Strategic marketing is a consumer-based approach to product promotion that identifies market segments and attempts to make them more profitable by providing superior value. It uses many of the same theories and approaches as strategic management. This type of marketing often results in a written strategic marketing plan that is developed from extensive market analysis.
The concept of strategic marketing is a direct time value approach to planning. Marketing in the corporate context was traditionally tactical. Resources were rallied in response to changes in the sales landscape on a current, even day-to-day, basis. Tactical marketing was competitor-driven, and promotional strategies and advertising campaigns were designed to capitalize on perceived weaknesses of the competition in a certain market or to emphasize a product’s comparative strengths.
Marketing from a strategic perspective takes a long view and extends the marketing process beyond what was traditionally viewed as the engagement window. It is planning from the customer perspective by analyzing what drives the purchase decision. The analysis of the decision-making process starts well in advance of the actual buy. Strategic marketing takes the process back to the initial market segmentation, looking for consumer clusters that not only have a need but can also drive the company’s overall direction.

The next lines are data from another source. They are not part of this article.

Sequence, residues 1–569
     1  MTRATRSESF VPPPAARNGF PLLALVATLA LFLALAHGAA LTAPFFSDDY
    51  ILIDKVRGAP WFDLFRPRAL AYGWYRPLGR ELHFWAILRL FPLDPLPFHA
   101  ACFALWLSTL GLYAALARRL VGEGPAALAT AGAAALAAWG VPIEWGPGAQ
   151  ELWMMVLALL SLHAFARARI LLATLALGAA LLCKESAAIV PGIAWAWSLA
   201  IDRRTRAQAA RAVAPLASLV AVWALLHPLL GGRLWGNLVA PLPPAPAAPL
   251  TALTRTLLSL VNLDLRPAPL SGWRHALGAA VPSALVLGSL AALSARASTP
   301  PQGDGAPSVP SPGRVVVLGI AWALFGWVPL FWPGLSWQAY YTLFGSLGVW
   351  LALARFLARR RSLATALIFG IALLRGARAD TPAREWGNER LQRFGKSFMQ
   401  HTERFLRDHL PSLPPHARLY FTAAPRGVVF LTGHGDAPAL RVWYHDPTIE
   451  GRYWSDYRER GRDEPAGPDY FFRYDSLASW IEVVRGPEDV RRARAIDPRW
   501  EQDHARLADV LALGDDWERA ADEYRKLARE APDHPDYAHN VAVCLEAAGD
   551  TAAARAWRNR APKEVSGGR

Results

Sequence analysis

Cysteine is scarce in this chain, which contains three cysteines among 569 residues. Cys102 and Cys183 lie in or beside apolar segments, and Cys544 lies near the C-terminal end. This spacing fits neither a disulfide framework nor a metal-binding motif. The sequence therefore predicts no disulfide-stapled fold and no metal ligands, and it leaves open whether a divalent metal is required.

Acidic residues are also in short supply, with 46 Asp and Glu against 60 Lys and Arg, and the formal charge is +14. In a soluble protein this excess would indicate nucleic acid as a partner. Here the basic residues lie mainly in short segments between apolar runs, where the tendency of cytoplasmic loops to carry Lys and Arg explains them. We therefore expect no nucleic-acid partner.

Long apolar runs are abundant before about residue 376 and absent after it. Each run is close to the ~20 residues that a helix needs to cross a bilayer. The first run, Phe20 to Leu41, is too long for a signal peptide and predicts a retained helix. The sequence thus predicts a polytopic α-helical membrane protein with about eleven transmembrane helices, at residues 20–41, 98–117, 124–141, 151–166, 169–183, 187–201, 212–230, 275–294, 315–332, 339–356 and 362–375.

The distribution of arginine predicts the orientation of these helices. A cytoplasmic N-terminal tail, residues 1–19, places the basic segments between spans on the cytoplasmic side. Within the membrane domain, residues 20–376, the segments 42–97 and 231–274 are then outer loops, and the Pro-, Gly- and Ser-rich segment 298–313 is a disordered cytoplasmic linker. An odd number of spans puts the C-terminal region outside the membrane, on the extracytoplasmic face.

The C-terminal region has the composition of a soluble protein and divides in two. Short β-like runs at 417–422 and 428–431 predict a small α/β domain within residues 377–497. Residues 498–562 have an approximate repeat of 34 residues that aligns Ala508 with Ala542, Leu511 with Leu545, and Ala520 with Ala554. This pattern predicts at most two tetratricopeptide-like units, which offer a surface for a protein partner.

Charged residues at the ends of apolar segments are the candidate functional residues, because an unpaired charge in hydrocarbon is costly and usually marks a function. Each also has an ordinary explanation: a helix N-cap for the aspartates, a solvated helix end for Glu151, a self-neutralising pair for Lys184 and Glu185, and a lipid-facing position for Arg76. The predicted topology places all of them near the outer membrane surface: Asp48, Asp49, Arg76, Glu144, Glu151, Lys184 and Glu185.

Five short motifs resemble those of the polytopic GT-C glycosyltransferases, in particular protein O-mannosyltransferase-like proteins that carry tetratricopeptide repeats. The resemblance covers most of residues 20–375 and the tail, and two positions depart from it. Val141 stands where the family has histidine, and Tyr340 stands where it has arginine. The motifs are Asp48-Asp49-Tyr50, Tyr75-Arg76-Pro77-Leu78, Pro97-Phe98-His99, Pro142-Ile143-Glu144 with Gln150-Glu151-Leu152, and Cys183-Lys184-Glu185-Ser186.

Long term planning often results in a written plan, and this is likewise true with the strategic marketing plan. The strategic mindset usually includes segmenting the market, defining the market’s potential, and developing a targeted, consumer-based strategy. This way of approaching marketing takes many of its underlying theories from the study of strategic management, which analyzes management structure and decision-making from the perspective of the employee rather than that of the corporation.
The process of creating a strategic marketing plan starts with a working team that goes through a thorough analysis. This team does the research and completes a situational analysis that allows it to create the parts of the plan. It identifies marketing objectives that match customer needs and brainstorms strategies to meet those objectives.
Typically, the strategic marketing plan that results from the working team’s efforts will include product development, marketing communications, sales development, and customer service. In fact, each of these section should be treated as a mini plan-within-a-plan, and will have a sub-list of sections that are ordinarily expected in this type of document. Developing a long term, strategy-based plan will help a company avoid wasting marketing resources or missing valuable opportunities.